Women's Christian Alliance v. Executive Risk Indem. Inc., 2003 WL 21961434, at *5 (E.D. Pa. July 3, 2003) ("Courts have consistently declined to extend this so-called 'notice-prejudice' rule to claims-made policies.")
 F.D.I.C. v. Barham, 995 F.2d 600, 605, n.9 (5th Cir. 1993) ("Because notice of a claim or potential claim defines coverage under a claims-made policy, we think that the notice provisions of such a policy should be strictly construed.")
 LaForge v. American Cas. Co. of Reading, Pennsylvania, 37 F.3d 580 (10th Cir. 1994).
 For instance, a claim is made within the policy period, but not as soon as practicable when an injured party asserts a claim against the insured at the beginning of the policy period and the insured does not report the claim until the end of the policy period. The notice was made “within the policy period” but not “as soon as practicable.”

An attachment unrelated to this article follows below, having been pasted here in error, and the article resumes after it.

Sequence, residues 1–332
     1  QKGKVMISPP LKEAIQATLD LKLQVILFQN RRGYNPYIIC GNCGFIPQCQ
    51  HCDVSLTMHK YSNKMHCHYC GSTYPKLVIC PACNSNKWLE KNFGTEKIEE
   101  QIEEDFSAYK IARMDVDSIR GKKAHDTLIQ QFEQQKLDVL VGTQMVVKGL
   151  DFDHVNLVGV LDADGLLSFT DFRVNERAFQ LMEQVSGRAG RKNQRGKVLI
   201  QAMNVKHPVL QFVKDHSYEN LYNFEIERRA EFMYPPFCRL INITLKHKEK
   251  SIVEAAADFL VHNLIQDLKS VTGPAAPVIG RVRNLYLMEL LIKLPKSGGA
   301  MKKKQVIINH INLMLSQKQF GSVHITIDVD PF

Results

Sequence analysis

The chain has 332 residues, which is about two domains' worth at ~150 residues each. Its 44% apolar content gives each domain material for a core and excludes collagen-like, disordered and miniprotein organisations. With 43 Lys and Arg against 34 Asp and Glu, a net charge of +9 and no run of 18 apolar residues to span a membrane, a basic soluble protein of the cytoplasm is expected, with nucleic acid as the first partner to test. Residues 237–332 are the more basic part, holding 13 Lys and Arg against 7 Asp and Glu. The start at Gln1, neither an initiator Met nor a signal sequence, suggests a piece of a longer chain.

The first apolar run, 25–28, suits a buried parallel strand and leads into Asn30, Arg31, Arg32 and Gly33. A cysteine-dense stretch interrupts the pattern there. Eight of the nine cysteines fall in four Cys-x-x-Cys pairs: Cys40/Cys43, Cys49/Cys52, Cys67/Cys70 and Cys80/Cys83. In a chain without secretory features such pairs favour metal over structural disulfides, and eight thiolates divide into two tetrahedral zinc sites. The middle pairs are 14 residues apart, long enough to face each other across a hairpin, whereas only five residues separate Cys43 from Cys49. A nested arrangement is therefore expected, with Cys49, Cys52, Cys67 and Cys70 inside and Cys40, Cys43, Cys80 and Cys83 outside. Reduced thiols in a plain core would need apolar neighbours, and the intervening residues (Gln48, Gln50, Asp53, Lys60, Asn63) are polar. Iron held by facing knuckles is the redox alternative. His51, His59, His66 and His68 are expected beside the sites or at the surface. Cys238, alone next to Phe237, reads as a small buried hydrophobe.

Barham, 995 F.2d at 605, n.9 (5th Cir. 1993).
 Tussey, 2009 WL 2633605 (Ky. Ct. App. Aug. 28, 2009).
 Prodigy Communications Corp. v. Agricultural Excess & Surplus Insurance Co., 288 S.W.3d 374, 380 (Tex. 2009) (noting that untimely notice given within a policy’s reporting period did not affect an insurer’s inherent benefits under a claims-made-and-reported policy when the insurer suffered no prejudicial harm as a result of the untimely notice).
 Hanson Production Company v. Americas Insurance Company, 108 F.3d 627 (5th Cir. 1997) (stating that “a material breach by one contracting party excuses performance by the other party, and an immaterial breach does not.”)
 PAJ, 51 Tex. Sup. Ct. J. 302 (Tex. 2008).